Dr. Paul Kelley, an academic at the University of Oxford, believes the traditional 9-5 schedule is making everybody miserable and sleep-deprived. He maintains that instead of trying to stick to a system that isn’t natural to our bodies, we need to overhaul our schedules to revolve around our circadian rhythms.
Most of Dr. Kelley’s research examines how early start times in educational institutions negatively affect student performance, particularly adolescents. However, his findings carry over to the corporate world. Adults don’t adapt to a 9 AM start time until the age of 55. So until that point, we’re all torturing ourselves trying to make it work.
During Dr. Kelley’s tenure as the head teacher at Monkseaton Middle School, he changed the school’s start time from 8:30 AM to 10 AM (a similar experiment is ongoing) and found that the number of top grades increased by 19%. If a delayed start time brought about these positive results in a school setting, what would happen if we applied a similar change to the corporate world? Are people more productive when they show up to work later in the day?
That’s what I decided to find out. I tracked the time and productivity of 3,100 DeskTime users throughout an average workday. This is what I found:
What time do most people start their workday?
This chart shows that most people start their day at 8:00 AM. A relatively small amount of people (just 12%) start working at 10 AM. This is most likely not by choice but rather the required start time at each person’s place of employment.
What are the productivity levels during the first two hours of the day?
This graph examines each group’s productivity levels in the first two hours of the day. Productive time is determined by analyzing how much time is spent on programs that are considered productive, neutral, or unproductive.
The notable difference here is that the group of people that start at 7:00 AM has decreased levels of productivity than the other groups. Otherwise, productivity doesn’t drastically change.
What are the productivity levels throughout the whole day?
This graph examines each group’s productivity levels throughout the day. The main difference is again with the 7:00 AM group – while they appear to be less productive in the first two hours, they catch up by the end of the day.
Productivity is Possible in the Morning
What I found most surprising is that the majority of DeskTime users analyzed start work at 8 AM, and they are the most productive throughout the entire day. Overall though, it seems the productivity rates don’t differ much whether you start between 8 or 11 – it still ranges between 81.3 and 88.9%.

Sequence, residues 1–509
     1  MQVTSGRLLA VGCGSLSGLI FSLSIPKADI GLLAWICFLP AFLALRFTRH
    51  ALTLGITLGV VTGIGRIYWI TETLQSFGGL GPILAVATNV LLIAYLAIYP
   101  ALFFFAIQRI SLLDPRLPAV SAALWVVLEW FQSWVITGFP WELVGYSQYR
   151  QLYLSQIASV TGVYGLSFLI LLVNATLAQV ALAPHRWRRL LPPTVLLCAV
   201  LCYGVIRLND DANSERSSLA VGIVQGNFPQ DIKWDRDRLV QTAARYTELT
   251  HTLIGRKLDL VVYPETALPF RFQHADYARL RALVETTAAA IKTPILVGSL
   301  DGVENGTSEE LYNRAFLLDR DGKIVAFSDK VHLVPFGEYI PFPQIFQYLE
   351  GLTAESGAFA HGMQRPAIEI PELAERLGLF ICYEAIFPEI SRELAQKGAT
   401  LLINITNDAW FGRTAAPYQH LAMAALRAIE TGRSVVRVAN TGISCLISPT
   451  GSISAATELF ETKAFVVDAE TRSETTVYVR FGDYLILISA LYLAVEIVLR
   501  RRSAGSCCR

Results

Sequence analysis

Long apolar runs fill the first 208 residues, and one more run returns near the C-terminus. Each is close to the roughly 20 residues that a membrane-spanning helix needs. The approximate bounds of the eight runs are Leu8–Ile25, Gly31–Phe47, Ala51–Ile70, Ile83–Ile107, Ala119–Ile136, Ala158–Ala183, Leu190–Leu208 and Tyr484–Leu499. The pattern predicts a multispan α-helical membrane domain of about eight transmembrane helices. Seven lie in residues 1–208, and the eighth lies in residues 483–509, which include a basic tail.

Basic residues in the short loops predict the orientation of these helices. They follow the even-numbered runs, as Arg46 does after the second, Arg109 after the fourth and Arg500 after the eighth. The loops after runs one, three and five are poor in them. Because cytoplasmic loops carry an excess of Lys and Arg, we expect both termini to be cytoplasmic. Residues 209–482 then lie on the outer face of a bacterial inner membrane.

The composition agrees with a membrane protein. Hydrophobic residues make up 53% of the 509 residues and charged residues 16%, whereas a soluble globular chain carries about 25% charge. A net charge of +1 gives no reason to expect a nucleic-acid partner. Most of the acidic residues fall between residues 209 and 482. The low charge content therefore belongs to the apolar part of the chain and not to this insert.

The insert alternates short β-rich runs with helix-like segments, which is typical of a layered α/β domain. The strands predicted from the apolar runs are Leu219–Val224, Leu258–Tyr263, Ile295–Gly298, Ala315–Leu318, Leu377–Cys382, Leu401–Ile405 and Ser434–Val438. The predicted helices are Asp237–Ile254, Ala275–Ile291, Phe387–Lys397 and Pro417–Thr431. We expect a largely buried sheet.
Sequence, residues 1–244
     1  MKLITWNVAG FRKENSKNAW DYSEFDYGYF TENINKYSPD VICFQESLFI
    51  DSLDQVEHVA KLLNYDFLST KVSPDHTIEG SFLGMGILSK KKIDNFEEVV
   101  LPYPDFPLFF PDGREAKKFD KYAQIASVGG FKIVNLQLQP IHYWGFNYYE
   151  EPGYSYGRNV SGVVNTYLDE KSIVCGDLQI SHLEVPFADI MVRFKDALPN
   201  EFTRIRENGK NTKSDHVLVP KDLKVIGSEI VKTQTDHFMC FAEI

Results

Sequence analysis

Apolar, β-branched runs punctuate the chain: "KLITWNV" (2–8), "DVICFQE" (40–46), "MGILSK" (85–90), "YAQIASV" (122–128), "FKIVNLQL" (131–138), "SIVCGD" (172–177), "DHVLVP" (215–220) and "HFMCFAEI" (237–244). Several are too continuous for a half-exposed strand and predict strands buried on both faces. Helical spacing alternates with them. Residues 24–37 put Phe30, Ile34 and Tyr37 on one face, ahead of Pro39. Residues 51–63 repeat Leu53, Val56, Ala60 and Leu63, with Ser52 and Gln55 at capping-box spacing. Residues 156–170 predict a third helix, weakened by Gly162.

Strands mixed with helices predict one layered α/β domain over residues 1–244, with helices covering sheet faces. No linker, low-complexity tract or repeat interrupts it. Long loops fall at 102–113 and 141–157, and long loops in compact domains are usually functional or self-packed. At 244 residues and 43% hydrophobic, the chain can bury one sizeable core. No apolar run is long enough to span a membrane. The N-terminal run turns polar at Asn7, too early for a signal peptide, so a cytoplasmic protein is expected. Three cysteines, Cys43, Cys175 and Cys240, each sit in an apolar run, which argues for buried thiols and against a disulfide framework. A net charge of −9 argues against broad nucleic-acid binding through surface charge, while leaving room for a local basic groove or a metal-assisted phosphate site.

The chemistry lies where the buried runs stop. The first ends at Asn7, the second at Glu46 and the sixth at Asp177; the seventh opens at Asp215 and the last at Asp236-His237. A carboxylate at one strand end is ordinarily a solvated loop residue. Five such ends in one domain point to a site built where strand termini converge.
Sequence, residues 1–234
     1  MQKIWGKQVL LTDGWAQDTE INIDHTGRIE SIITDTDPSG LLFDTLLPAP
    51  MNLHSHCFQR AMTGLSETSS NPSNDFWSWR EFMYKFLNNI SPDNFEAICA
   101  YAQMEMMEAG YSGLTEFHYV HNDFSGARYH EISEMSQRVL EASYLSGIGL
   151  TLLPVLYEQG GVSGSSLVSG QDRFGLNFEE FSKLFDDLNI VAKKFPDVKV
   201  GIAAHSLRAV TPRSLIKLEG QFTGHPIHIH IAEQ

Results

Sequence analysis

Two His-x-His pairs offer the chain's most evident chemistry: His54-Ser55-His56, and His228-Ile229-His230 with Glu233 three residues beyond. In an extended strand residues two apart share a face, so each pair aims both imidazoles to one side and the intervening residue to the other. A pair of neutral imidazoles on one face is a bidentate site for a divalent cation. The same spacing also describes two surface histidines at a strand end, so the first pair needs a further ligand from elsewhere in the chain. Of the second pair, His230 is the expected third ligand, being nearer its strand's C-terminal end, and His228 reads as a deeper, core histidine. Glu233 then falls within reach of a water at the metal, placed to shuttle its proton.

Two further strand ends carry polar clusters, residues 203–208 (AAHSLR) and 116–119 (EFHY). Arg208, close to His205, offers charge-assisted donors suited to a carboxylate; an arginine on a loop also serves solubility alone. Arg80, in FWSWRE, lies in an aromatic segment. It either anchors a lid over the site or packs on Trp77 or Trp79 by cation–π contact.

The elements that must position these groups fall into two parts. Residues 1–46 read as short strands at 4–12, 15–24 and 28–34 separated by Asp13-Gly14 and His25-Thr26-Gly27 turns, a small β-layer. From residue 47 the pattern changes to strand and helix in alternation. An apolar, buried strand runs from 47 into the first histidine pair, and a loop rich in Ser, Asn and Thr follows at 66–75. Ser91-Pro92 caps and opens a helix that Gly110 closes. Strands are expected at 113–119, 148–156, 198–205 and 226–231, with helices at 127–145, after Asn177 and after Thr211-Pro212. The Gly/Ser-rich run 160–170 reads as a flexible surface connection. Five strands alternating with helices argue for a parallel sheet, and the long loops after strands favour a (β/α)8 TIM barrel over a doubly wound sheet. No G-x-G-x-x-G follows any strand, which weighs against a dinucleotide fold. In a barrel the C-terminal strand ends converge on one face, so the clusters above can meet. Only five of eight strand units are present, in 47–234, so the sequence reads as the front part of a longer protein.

While this data analyzes general habits of DeskTime users, it doesn’t delve into the why or the health data of each group. Maybe people that show up to work at 8 AM are more productive, but are they more tired or stressed? It does show us that that it is possible to be productive early in the morning, and it adds to an already conflicted body of research regarding sleep and productivity.
Who is More Productive: the Night Owl or Early Bird?
Many studies have been conducted about people’s sleep patterns and preferences. One example is a study conducted by biologist Christoph Randler, who surveyed 367 university students about what time of the day they were most energetic, and how willing they were to be proactive in creating situations that benefited them. Randler concluded that:
“When it comes to business success, morning people hold the important cards. My earlier research showed that they tend to get better grades in school, which get them into better colleges, which then lead to better job opportunities. Morning people also anticipate problems and try to minimize them, my survey showed. They’re proactive. A number of studies have linked this trait, proactivity, with better job performance, greater career success, and higher wages.”
One study conducted by the University of Toronto also reports more happiness and productivity in morning people, but it suggests that it’s only because night owls suffer from “social jet lag” – being forced to wake up and function several hours earlier than they’d prefer. This echoes Dr. Kelley’s findings – that people forced to wake up at a time that isn’t natural to their bodies aren’t as healthy or productive.
Making the Case for Flex Hours
Dr. Kelley acknowledges that people have individual differences in sleep/wake patterns that are influenced by sex and biological factors. Everybody has a specific chronotype – a biological preference for morning or evening. For some, it’s extreme, while others can comfortably drift between the two.
What Dr. Kelley suggests – delaying the start of the workday to 10 AM – may benefit those who prefer to work in the evenings. But I doubt it will make the working world more productive as a whole while there are people who still prefer to get all their work done in the morning. Plus, according to the data we pulled, it is possible to be productive earlier in the day.
Perhaps the solution isn’t a worldwide shift in schedule, but rather the implementation of more flexible hours. For example, at the Draugiem Group, employees have the option to come in for work as late as 11 AM to account for the individual’s preferred start time. Flexible hours are slowly catching on among other companies as a desirable perk.
There isn’t one, definitive time when everybody is the most productive. Night owls aren’t doomed to be outperformed by morning larks. And early risers really aren’t necessarily happier or healthier – their bodies are merely better synchronized with the 9-5 schedule. There isn’t one start time that works wonders for everyone so let’s instead focus on what works best for each individual.